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Cleveland Indians Manager Terry Francona featured on Studio 42 with Bob Costas this Wednesday

Studio 42 with Bob Costas to Also Feature Special Interview with Jackie Robinson’s son, David Robinson, This Thursday

Cleveland Indians manager Terry Francona will be featured in a new episode of MLB Network’s Studio 42 with Bob Costas this Wednesday, January 30 at 9:00 p.m. ET. Taped at MLB Network last week, Francona discusses key sections of his new book Francona: The Red Sox Years written with Boston Globe sports columnist Dan Shaughnessy.

Throughout the hour-long interview, Francona talks about his departure from the Red Sox in 2011; his relationships with Boston’s front office, players and media during his tenure; how the 2011 Red Sox compared to the 2004 World Series-winning team; and managing today’s Cleveland Indians, the Philadelphia Phillies from 1997 to 2000, and NBA Hall of Famer Michael Jordan when he was a member of the Double-A Birmingham Barons in 1994.

On Thursday, January 31, the day Hall of Famer Jackie Robinson would have turned 94 years old, MLB Network will air a Studio 42 with Bob Costas special featuring an interview with David Robinson, Jackie’s son. In this 30-minute special beginning at 9:00 p.m. ET, David Robinson will reflect on his late father, including the impact Jackie Robinson had on baseball and society, plus his memories of his father’s speech before Game Two of the 1972 World Series, which was nine days before Robinson passed away.

Prior to Studio 42 with Bob Costas on Wednesday and Thursday, MLB Network’s block of prime offseason programming will air, including Intentional Talk at 5:00 and 7:00 p.m. ET, Clubhouse Confidential at 5:30 and 7:30 p.m. ET, and MLB Network’s offseason show of record MLB Tonight at 6:00 and 8:00 p.m. ET.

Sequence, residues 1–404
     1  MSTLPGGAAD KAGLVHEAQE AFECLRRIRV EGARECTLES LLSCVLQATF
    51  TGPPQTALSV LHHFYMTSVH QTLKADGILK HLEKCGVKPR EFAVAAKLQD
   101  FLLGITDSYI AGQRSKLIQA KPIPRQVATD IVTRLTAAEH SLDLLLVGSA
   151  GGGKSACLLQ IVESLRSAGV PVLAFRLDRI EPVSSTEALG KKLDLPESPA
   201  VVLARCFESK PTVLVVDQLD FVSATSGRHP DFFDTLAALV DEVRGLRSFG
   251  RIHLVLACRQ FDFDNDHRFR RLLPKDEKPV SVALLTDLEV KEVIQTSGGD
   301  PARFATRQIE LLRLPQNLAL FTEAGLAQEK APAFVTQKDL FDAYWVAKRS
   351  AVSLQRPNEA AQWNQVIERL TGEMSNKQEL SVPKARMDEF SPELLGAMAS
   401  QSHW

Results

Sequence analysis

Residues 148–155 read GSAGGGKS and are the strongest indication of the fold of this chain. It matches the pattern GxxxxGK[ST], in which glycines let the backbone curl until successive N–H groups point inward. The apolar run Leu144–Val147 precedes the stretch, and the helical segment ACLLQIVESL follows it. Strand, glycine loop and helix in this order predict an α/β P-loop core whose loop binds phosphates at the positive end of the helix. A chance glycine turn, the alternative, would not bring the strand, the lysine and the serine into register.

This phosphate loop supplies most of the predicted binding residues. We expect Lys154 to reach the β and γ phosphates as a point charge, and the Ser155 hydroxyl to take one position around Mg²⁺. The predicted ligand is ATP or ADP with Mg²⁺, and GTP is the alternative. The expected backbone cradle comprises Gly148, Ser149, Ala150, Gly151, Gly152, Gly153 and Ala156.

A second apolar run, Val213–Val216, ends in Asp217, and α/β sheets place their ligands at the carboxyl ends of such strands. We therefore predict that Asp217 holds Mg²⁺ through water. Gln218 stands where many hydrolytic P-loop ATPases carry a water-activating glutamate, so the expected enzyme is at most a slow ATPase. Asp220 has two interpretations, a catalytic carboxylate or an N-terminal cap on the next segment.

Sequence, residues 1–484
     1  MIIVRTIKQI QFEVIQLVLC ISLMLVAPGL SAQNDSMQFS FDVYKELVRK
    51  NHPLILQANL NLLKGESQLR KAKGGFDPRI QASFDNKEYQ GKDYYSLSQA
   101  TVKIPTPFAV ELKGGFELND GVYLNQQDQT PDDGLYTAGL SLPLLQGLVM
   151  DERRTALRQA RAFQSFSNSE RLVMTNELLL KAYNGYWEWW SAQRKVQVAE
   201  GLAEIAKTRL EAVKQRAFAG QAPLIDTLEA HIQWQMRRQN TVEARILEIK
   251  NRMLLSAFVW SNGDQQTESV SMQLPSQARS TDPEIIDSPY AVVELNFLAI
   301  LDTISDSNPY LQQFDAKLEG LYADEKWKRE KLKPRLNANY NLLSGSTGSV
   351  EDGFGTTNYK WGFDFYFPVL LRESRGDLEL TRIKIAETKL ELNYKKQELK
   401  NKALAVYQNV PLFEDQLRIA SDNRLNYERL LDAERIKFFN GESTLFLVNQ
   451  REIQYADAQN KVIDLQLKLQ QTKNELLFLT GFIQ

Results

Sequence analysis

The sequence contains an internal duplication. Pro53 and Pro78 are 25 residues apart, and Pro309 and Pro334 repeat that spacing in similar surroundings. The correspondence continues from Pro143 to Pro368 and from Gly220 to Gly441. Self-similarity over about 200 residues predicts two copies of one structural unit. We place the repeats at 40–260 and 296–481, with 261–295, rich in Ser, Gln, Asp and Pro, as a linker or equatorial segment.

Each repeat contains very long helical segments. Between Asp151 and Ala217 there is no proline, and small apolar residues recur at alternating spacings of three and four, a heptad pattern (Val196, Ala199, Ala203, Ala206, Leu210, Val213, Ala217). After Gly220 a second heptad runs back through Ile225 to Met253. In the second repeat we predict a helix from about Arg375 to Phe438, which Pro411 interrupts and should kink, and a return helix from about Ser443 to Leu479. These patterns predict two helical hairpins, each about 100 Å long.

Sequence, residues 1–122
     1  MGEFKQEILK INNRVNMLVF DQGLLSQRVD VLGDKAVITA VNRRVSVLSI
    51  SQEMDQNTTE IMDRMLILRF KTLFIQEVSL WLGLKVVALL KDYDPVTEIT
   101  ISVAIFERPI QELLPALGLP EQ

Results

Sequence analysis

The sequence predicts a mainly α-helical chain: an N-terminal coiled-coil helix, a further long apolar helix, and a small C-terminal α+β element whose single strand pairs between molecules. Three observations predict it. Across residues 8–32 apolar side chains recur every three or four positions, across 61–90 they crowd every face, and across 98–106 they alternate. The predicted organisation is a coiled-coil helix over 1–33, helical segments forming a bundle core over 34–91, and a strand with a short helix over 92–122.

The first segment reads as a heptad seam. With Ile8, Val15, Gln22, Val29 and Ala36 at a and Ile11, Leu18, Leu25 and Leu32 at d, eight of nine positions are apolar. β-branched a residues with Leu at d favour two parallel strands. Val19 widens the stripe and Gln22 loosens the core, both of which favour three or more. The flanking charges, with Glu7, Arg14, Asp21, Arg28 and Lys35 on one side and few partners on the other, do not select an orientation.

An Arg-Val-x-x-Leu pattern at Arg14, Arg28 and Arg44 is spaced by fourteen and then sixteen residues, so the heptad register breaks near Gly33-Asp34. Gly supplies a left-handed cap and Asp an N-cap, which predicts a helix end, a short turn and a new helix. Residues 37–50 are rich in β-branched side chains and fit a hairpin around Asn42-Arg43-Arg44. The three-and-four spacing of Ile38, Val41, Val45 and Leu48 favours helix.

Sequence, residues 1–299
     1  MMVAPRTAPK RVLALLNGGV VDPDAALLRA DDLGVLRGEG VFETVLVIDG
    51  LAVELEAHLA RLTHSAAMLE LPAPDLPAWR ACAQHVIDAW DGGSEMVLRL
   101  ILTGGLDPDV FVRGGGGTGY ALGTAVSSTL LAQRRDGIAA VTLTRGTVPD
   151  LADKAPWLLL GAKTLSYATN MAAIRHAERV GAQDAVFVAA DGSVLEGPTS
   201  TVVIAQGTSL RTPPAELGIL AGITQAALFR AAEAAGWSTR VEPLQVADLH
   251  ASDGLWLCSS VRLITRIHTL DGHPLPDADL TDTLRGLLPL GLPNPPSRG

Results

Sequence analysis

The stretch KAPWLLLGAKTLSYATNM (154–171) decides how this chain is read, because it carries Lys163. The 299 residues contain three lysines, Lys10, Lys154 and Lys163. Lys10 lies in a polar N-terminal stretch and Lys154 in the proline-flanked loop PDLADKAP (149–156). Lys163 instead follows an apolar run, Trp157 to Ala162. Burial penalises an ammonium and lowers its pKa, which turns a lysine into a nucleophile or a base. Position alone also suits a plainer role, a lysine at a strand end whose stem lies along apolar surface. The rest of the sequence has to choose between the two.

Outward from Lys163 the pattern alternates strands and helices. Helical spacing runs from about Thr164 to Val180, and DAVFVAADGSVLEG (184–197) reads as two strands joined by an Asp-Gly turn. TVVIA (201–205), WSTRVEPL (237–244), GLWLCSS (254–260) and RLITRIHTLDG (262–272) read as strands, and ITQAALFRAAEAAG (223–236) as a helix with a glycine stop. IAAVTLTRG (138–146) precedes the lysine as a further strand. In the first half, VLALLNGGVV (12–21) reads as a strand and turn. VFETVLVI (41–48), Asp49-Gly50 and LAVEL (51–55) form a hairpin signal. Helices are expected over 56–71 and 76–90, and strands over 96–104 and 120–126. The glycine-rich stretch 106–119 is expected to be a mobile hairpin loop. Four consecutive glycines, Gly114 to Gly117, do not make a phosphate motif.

Highlights from the conversation with Francona include:

On how his tenure ended with the Red Sox:
Boston is a wonderful place to work. It’s a hard place to work, but it’s a great place. If you like baseball, there’s probably no better place. The way it ended isn’t the way I would’ve scripted it, and so, I probably do harbor some feelings of where I wanted them to care more about me a little bit than I felt they did.

On the 2004 Red Sox:
What was really good about it is, when they got on the field, they really found a way to care about each other. … I really believe that that when the game was over, when we were going up to the clubhouse after a loss, they were mad because we lost, not because they were 0-for-4 and that’s important.

On how things changed after the Red Sox won the World Series in 2004:
We were kind of the underdog because we had never won. And then when we won, the brand really started becoming important.

On if some players began to tune him out in 2011:
…  I think there were guys who had earned my trust, guys I had won a couple of World Series with, and I think they probably, at some point, took advantage of that a little bit. That’s on me, too. That was my responsibility. I tried to be the same manager [I was] in 2004. In 2011, we started 2-10, then we went 80-40. For me to change my stripes halfway through September, I didn’t think that’s the way to do it.